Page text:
In detail, explain how the flashbacks to Edna's past function. Be sure to consider her father and her childhood.

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lmetcalf eNotes educator| Certified Educator

The two earliest flashbacks in the novel and arguably the most important in regards to establishing Edna's character both reveal a depth to Edna's character that would be missing without them. Both flashbacks occur in chapter 7.  In the first one, Edna is talking to Robert and recalls a "summer day in Kentucky, of a meadow that seemed as big as the ocean."  When they talk about the experience, Edna tells him that when she walked in the field it felt like swimming and that "I was a little unthinking child in those days, just following a misleading impulse without question" and she suggests that she was likely "running away from prayers, from the [gloomy] Presbyterian service." This memory reveals to us that Edna's interest in running away and being engulfed by something larger than itself has its manifestations in her childhood and is not something that she is just starting to consider as an unhappy wife and mother in Creole New Orleans.  She isn't that simple.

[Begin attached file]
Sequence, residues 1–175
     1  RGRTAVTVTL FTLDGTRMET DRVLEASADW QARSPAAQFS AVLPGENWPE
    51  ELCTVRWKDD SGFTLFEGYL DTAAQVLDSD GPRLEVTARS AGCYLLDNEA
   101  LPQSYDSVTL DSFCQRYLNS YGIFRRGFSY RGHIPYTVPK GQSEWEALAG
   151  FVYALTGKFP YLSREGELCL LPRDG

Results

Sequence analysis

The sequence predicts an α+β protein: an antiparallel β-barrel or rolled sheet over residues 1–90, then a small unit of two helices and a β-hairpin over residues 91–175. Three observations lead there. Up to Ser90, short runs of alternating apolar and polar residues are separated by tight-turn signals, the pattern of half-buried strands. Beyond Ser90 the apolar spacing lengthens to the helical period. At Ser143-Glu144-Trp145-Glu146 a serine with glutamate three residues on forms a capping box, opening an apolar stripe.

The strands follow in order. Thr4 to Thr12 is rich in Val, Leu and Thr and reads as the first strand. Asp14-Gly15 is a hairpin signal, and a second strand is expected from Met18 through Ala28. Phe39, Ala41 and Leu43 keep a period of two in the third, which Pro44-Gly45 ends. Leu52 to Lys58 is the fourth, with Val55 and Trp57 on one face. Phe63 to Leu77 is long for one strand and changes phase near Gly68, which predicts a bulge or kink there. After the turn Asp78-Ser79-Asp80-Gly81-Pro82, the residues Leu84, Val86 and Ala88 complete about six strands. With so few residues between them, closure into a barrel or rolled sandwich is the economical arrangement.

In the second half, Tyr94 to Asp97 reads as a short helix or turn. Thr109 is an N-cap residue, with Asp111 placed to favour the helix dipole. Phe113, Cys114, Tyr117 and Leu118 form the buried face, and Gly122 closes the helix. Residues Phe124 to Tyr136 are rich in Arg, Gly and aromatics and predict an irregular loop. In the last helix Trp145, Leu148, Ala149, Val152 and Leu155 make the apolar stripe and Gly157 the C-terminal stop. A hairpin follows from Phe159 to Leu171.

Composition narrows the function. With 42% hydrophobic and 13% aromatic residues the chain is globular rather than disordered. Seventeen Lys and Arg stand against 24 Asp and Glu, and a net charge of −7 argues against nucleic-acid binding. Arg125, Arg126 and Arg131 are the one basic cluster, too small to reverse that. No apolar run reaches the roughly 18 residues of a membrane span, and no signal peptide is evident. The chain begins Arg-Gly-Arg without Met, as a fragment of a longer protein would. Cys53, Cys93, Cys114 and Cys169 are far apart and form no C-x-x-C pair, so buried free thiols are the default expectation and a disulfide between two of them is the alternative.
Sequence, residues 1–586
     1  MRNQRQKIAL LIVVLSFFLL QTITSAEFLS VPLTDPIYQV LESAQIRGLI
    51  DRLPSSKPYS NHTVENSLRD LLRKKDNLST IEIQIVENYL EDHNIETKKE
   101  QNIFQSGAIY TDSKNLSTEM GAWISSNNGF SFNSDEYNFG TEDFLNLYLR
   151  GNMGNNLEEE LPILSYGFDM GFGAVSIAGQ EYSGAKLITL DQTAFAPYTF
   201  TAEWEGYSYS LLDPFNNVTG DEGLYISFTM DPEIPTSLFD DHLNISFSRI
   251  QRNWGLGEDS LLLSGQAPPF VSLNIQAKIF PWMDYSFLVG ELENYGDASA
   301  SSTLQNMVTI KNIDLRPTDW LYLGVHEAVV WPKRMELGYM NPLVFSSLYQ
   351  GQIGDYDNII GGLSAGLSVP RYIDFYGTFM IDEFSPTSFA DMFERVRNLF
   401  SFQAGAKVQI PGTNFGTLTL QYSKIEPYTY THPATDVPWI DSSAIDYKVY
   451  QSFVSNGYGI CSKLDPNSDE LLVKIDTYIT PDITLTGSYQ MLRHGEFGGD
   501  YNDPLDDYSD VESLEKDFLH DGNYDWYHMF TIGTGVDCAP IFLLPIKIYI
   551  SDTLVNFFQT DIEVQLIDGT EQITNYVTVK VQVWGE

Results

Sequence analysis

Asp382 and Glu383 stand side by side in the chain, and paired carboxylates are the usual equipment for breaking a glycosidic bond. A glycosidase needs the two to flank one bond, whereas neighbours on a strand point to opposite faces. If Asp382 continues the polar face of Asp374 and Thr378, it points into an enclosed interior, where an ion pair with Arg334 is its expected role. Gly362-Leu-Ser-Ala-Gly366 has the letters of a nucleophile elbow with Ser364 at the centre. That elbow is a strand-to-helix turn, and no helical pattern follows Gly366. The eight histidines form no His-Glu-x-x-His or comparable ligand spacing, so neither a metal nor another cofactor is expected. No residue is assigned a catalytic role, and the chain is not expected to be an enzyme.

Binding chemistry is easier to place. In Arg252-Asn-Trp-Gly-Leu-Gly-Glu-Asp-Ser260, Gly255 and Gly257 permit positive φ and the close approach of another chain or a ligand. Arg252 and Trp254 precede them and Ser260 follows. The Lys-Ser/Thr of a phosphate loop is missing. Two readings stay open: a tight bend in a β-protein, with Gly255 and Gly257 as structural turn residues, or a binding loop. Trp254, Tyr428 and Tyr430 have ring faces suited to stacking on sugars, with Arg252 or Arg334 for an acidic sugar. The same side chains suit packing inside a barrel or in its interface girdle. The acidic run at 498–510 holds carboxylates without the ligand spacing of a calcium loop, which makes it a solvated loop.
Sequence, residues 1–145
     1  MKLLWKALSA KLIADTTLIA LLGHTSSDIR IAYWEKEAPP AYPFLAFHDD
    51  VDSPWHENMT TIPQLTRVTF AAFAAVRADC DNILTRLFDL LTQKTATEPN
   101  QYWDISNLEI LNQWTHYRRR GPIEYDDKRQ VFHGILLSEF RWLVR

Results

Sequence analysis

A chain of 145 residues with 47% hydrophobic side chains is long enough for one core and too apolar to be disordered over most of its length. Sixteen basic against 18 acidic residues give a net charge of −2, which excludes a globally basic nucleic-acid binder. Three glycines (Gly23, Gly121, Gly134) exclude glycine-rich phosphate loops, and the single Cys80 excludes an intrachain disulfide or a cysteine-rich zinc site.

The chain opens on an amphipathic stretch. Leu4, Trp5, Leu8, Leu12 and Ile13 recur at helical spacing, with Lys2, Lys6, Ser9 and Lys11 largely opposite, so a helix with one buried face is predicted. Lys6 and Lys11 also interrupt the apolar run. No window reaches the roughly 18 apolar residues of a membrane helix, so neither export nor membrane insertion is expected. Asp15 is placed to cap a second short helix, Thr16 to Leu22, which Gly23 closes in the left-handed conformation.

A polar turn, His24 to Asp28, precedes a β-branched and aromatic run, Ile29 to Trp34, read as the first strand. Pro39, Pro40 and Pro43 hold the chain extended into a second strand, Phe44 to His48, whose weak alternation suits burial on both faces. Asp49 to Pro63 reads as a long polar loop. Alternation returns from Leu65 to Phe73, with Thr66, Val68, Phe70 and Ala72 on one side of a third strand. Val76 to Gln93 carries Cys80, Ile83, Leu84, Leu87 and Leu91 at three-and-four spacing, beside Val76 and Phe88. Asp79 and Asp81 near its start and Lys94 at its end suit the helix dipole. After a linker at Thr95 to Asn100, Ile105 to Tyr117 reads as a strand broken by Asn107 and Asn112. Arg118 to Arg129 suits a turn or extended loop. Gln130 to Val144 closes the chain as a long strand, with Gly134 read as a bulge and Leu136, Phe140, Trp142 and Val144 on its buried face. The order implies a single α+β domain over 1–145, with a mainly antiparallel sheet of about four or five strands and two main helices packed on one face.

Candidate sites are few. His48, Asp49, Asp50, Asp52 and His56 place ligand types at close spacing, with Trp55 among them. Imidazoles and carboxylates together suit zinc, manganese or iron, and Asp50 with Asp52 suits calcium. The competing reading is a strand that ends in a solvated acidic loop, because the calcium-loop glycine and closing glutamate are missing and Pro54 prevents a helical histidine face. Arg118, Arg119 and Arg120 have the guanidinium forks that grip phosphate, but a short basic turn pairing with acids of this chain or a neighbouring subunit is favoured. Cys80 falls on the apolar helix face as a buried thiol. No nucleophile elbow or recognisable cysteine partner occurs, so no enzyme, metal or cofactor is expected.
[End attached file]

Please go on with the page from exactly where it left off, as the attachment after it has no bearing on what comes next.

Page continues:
As the chapter progresses we learn that Edna had some "loves" in her past, but that they were more of her imagination than any possibility of reality.  She loved a "sad-eyed cavalry officer" who was actually more of an acquaintance of her father.  She loved a man, from a distance, who hardly knew she existed and who was engaged to the lady on the neighboring plantation.  She finally loved a "great tragedian" that "began to haunt her imagination and stir her senses."  Unfortunately, he was completely out of her realm -- a picture on her table -- and it was completely hopeless.  With all of this flashback information, it comes as no surprise then that when Leonce woos her with real, actual ardor, she is taken in, even though she doesn't love him.  Leonce is everything her father isn't, and that is part of his appeal.  He is attentive and loving; her father is aloof and a heavy drinker.  Leonce is polished and sincere; her father is a former army officer and a bit more brash.  Edna even openly admits that the fact that Leonce is Catholic and that that would irritate her father is one of the reasons she agreed to marry him. This flashback gives us a very complete picture of Edna's history in regards to men and establishes the foundations of her marriage to Leonce, so that when we see things falling apart, we can know that this might have been inevitable.  This has a great effect on the reading of the novel -- it makes Edna's character more complex and more interesting.